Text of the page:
Eating Disorders
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What are Eating Disorders?

Bridget Engel, Psy.D., Natalie Staats Reiss, Ph.D., and Mark Dombeck, Ph.D.

There are three primary eating disorders: Anorexia Nervosa, Bulimia Nervosa, and Binge Eating Disorder. Each disorder is characterized by a distinctive pattern of disordered and harmful eating behavior. Anorexia generally involves the severe and extreme restriction of eating in an effort to lose weight. Because of this restriction, anorexics are typically underweight (defined as weighing only 85% or less of the expected weight for their height and gender). Bulimia is characterized by the presence of binges, which are episodes of consuming abnormally large amounts of food in a short period of time. Bulimic binges are often followed by compensatory purge behaviors that are an attempt to get rid of the consumed calories. Inducing vomiting, taking laxatives and excessive exercising are examples of purging behavior characteristic of bulimia, all performed in an effort to prevent weight gain.

Binge and purge behavior may occur during anorexia as well as in bulimia. However, extreme eating restriction is always present in anorexics and rarely in bulimics. Binge Eating Disorder is similar to Bulimia because both conditions share binge-eating behavior. However, individuals with Binge Eating Disorder do not purge or get rid of what they have consumed, unlike those with Bulimia.

Harmful eating behavior may start as isolated experiments with food restriction or binge/purge behaviors that gradually progress to become both chronic and cyclic in nature. In other words, disordered eating becomes an ongoing problem, one that often waxes and wanes in intensity over time. Eating disordered individuals who successfully manage to restrict and control what they eat may feel a short-term sense of empowerment and accomplishment. Such positive feelings do not tend to last very long, however. A bad day at school or work, a conflict with another person, or simply reading a fashion magazine or watching television may trigger renewed feelings of self-hatred and disgust, and lead to consumption of "banned" foods. This breakdown in willpower leads to self-perceptions of weakness and unacceptability, which in turn motivate further food restriction. Endless cycling of dysfunctional eating behaviors create ripe conditions for a disorder.

Things all eating disorders have in common:

As mentioned previously, all three eating disorders are serious mental and physical conditions with potentially life-threatening repercussions. These disorders can impair daily functioning and destroy general health. Individuals typically experience painful emotions before, during and after the maladaptive eating behaviors. In addition, people with eating disorders are generally fixated on their weight. They often fear gaining any weight, and their self-esteem is highly influenced by their body weight. This fixation can develop into a distorted body image. Body image has to do with how people interpret images of their bodies, including literal images (such as occur when looking in a mirror), and remembered images (such as occur when thinking about what you look like). Most of those suffering from eating disorders feel badly about their body image, and furthermore, are not able to accurately see themselves as others perceive them. Even when friends, family and coworkers worry about an individual's weight loss and painfully thin appearance, these individuals still consider themselves fat, and discount the value and worth of other's opinions. Rejecting other people's perceptions enables eating disordered individuals to maintain their negative opinion of themselves, as well as their distorted sense of body image.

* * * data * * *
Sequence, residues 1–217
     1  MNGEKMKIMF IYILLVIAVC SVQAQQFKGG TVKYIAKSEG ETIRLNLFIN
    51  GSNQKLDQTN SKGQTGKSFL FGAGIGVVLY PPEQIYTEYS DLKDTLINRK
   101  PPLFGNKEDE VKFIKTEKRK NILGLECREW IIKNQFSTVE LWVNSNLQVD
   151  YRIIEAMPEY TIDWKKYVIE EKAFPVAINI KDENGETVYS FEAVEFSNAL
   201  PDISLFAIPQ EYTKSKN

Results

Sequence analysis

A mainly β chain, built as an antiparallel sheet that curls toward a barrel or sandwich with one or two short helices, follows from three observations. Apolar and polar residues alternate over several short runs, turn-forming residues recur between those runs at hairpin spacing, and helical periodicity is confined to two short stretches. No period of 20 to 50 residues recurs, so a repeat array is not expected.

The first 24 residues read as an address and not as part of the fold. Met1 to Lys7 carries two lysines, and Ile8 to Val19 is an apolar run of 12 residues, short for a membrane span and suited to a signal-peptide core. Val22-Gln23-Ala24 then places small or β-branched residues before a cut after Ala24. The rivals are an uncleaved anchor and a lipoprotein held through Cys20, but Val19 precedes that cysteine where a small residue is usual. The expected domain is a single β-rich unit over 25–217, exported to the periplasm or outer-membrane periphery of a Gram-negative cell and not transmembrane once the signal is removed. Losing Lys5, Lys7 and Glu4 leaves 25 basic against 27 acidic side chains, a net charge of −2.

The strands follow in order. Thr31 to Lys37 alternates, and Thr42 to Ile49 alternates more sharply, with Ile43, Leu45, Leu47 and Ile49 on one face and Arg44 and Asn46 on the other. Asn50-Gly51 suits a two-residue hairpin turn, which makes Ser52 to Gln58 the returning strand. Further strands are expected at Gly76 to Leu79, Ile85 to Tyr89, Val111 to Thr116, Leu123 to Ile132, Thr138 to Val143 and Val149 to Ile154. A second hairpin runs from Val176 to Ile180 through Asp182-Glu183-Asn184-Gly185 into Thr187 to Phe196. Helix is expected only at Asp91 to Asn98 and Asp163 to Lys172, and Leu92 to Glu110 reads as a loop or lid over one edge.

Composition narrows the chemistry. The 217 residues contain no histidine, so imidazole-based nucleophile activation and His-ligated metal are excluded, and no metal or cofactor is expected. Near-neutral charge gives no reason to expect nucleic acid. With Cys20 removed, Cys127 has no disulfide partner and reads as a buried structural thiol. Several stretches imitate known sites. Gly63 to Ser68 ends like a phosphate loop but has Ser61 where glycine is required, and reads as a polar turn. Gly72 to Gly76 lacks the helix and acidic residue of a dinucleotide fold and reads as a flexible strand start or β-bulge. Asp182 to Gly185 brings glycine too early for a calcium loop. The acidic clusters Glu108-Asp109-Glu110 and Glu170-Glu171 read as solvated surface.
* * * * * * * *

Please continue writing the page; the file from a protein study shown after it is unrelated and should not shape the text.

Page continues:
People diagnosed with eating disorders tend to be anxious about and sensitive to social acceptance. They tend to measure their success against unrealistically high standards or social ideals that are virtually unattainable. They are often acutely aware of their failure to reach these self-imposed standards, and believe that they have let down their community and themselves as a consequence. Frequently, this sense of failure drives them to work harder toward reducing the discrepancy between their current weight and their idealized weight. This drive can be so strong that some people abuse their bodies to the point of serious illness and even death.